The US Securities and Exchange Commission has accused Tesla CEO Elon Musk of conning investors through his “misleading” posts on Twitter, in which he claimed that he had secured funding for taking his company private.
The Securities and Exchange Commission (SEC) filed a lawsuit against the embattled tech entrepreneur on Thursday, asking the court to order Musk to repay any “ill-gotten gains he received as a result” of the series of tweets, in which he claimed that he had secured the funding for Tesla going private at $420 per share. Musk alleged then that the only issue in the way was that “it’s contingent on a shareholder vote.”
The tweet sent Tesla’s stock surging by more than 10 percent. However, several weeks after the nothing-short-of-scandalous announcement, Musk backed down, saying that he agreed with the existing shareholders to keep the company public.
The turnaround had Tesla’s investors fuming, prompting one of Wall Street’s short sellers to file a class-action lawsuit, alleging that the business mogul “artificially manipulated the price of securities … in order to ‘burn’ the company’s short-sellers.”
Two parallel probes, a civil one by SEC and a criminal one by the US Justice Department, were launched over the controversial tweets.
The complaint lodged by the SEC in the US District Court in New York alleges that Musk’s tweets about taking the company private “were false and misleading because they lacked any basis in fact.”
Musk knew or was reckless in not knowing that each of these statements were false and/or misleading because he did not have an adequate basis in fact for his assertions.
The commission further alleged that Musk “had never discussed a going-private transaction at $420 per share with any potential funding source,” and had “done nothing” to investigate whether existing Tesla investors would stay with the company as it went private.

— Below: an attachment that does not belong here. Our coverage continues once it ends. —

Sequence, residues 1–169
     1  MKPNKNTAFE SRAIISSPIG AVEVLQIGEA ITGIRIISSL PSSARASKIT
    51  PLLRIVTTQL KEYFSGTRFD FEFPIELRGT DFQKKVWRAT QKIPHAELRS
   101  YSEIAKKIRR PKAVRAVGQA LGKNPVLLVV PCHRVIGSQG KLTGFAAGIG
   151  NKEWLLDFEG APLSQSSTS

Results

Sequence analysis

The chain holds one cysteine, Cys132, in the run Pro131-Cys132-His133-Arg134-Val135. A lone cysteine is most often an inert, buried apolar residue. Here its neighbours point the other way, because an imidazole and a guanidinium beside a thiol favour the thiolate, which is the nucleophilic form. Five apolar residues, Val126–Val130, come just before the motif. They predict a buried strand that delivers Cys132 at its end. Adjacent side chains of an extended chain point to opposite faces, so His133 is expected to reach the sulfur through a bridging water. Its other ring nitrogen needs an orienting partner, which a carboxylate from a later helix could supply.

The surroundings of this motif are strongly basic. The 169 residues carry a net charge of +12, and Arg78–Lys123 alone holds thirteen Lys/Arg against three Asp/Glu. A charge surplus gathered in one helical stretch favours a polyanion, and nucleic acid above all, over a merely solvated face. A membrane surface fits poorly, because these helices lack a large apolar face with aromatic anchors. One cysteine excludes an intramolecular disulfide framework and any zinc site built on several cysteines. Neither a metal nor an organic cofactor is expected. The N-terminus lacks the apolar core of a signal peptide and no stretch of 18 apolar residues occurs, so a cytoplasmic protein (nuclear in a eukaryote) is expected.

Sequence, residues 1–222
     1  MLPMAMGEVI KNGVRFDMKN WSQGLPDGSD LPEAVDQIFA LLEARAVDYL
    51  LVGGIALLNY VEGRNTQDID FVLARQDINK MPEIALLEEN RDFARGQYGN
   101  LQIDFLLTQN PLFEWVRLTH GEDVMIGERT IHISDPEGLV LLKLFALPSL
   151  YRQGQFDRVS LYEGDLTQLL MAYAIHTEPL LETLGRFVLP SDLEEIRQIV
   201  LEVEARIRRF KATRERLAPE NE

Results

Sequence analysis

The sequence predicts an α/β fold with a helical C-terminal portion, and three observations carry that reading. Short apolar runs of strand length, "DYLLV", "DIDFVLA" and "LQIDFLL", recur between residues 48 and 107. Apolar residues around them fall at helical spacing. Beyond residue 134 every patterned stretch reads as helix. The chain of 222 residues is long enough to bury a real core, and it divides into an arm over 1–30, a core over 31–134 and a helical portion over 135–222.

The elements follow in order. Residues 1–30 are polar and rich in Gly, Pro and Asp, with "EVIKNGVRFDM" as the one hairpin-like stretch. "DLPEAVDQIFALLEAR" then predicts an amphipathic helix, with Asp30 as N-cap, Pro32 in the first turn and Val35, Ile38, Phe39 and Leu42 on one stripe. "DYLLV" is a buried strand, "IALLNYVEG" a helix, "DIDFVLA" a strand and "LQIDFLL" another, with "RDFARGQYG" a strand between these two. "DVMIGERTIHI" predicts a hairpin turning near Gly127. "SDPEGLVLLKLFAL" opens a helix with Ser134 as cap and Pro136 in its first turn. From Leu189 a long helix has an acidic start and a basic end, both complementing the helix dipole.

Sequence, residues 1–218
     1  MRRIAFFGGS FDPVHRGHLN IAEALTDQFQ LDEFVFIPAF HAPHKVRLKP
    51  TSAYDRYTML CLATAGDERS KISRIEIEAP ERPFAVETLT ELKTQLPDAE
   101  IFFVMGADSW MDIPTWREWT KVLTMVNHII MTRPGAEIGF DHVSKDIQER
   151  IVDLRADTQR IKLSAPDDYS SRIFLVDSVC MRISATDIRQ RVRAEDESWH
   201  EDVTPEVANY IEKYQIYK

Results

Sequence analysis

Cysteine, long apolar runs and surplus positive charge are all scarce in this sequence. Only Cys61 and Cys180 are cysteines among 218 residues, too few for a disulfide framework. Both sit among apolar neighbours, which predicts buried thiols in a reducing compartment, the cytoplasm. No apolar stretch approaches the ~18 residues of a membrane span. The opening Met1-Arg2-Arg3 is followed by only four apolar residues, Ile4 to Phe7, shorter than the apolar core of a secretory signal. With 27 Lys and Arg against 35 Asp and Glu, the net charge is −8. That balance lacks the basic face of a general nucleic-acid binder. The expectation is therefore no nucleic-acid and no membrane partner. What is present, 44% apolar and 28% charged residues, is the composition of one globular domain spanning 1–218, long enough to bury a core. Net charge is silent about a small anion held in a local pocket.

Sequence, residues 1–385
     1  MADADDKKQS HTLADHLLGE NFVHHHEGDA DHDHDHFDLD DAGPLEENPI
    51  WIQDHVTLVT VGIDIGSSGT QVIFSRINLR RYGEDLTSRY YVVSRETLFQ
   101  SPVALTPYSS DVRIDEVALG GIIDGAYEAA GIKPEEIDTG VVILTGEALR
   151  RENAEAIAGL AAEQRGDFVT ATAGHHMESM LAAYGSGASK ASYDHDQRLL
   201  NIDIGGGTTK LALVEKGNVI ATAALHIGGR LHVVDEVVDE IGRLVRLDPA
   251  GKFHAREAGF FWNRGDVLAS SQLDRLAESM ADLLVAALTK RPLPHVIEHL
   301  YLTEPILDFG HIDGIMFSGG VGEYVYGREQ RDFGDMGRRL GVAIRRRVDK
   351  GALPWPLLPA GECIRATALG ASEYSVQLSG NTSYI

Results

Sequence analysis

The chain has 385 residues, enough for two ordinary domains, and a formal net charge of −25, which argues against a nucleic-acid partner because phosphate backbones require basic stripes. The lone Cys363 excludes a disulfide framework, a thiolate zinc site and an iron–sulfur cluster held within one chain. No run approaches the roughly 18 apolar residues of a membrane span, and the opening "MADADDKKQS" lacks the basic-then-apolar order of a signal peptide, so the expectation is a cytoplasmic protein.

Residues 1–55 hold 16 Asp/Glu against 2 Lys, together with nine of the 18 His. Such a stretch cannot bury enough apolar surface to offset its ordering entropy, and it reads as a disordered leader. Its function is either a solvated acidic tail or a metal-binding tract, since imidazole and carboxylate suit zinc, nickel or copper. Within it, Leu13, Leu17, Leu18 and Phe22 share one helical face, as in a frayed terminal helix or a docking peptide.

In an attempt to explain his tweet, Musk wrote in a blog post on August 13 that he was under the full impression that he had secured the necessary funds in a meeting with the representative of the Saudi Arabian sovereign wealth fund.
“I left the July 31st meeting with no question that a deal with the Saudi sovereign fund could be closed, and that it was just a matter of getting the process moving,” Musk wrote at the time.
The lawsuit, however, alleges that the meeting “lacked discussion of even the most fundamental terms of a proposed going-private transaction.”
The lawsuit also shed light on the bizarre way Musk chose to name the price at $420 per share. The Tesla CEO explained in an email to the board that he calculated the sum based on a 20 percent premium on that day’s closing share price, which would have amounted to $419. But then “rounded the price up to $420,” because “he had recently learned about the number’s significance in marijuana culture” and because he believed his girlfriend “would find it funny.”
In light of Musk’s violation of the securities law, the commission requested Musk be “prohibited from acting as an officer or director” of any public company, reimburse whatever he earned with the alleged con, and pay civil penalties.
Musk has denounced the lawsuit as “unjustified action,” dismissing the allegations and saying that he has “always taken action in the best interests of the truth, transparence and investors.”